Love for the Troubled

Sometimes, I read an article which articulates something that I was struggling to frame in my own mind. In this case, it’s this article by Caroline Seide on the AV Club website, about feminist criticism. I advise you to go and read it, because it’s much better written than my blog ramblings; I’ll wait.

“I realise this whole dynamic is problematic, but the dance numbers are good, right?”

The thing it’s helped me to frame is that it’s okay to like things that have problems. Just as it is quite possible to recognise that a B-movie has poor production values, but still enjoy the enthusiasm and the performances, it is possible to look at a work and say ‘I am digging this,’ and still acknowledge that the film has problems, especially when those problems are endemic to the Hollywood business model.

It is okay to leave La-La Land humming ‘What a Waste of a Lovely Night’ and thinking ‘I could live with that best picture award, but damn Ryan Gosling is white for the saviour of trad jazz.’ It’s okay to be pumped after watching Ant-Man, even when you’re thinking ‘I really wish they’d let Hope have more of an active role.’ It’s even okay to love much of Doctor Strange while still wondering why they never asked an Asian or Asian-American writer to help them create a more sensitive and nuanced script partially set in Asia and featuring an Asian master sorcerer.

And this isn’t the same as giving those movies a pass. I still feel that Marvel is squandering the potential to be the game changer in the field of female representation in movies, and in superhero movies in particular. They’ve let DC steal a march on them in releasing the first female led superhero movie of the modern era, and that was seriously their game to lose. They’re still set to have the first black-led offering of the times (and are already pushing the envelope on TV, with a poor, disabled hero, a female hero, a black hero, a mentally ill hero and, soon, a rich, white hero who trained in Asia to… No, wait; that one’s a little less revolutionary,) but they could have done much, much more to lead the way.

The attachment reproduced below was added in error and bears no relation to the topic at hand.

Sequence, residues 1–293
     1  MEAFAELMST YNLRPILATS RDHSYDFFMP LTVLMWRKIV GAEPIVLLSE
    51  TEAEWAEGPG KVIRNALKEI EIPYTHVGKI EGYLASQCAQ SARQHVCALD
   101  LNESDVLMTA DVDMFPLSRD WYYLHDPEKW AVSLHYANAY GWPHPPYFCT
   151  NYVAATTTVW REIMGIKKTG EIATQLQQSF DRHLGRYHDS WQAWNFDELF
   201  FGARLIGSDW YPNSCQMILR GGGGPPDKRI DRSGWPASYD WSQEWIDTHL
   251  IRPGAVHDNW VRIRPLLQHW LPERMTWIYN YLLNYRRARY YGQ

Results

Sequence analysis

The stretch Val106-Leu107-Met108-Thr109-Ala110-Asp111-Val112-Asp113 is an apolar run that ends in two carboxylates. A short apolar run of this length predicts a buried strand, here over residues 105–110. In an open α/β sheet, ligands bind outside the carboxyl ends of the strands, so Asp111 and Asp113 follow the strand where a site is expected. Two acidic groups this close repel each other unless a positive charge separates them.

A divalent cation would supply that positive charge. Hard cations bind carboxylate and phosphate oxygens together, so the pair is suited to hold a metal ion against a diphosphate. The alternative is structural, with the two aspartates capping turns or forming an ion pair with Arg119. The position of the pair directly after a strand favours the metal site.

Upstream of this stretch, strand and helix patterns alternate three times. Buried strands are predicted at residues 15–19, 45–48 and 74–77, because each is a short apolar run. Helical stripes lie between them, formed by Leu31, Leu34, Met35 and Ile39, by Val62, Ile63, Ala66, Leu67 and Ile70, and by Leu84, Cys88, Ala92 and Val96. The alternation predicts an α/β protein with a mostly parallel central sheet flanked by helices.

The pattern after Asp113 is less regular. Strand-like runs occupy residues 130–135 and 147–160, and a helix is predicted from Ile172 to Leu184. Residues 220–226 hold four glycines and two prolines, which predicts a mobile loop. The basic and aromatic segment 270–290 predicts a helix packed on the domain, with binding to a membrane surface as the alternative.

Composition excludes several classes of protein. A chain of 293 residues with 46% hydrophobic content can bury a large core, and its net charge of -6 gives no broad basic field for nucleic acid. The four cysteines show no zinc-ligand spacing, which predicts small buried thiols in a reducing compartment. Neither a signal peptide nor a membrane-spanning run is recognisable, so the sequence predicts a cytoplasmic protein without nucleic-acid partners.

“Wait, wait, wait… Where are all the other women on this ship of fools?”

They’ve acknowleged that Scarlet Witch is the most powerful of the Avengers, but haven’t given her the focus to match that (let alone her own movie.) The Black Widow movie is still in the wind. Doctor Strange could have blown our minds with an Ancient One and a… I keep wanting to say Nanda Parbat, but that’s the League of Assassins in DC, but that place, like we’d never imagined; something genuinely rooted in Asian (if not specifically Tibetan, because the Chinese market,) culture instead of Euro-American Orientalism. Can you imagine that? Probably not, since I’m pretty sure most of my readership is, like me, of the Western nerd tradition, and that’s kind of my point.

But although I’ve lapped back around to criticism, I don’t want it to come across like I don’t like these things because of their failures. I think that they ought to do better because I want to see great movies, fun movies, nerd movies and important movies leading the way together, rather than be presented with the occasional dull and worthy movie that makes a point of inclusion and then says ‘welp, that didn’t make any money’ as if having women or people of colour in leading roles were what sank it, rather than it having nothing else to offer. Inclusion, in conclusion, is not the burden of ‘inclusive movies’, but of all movies.


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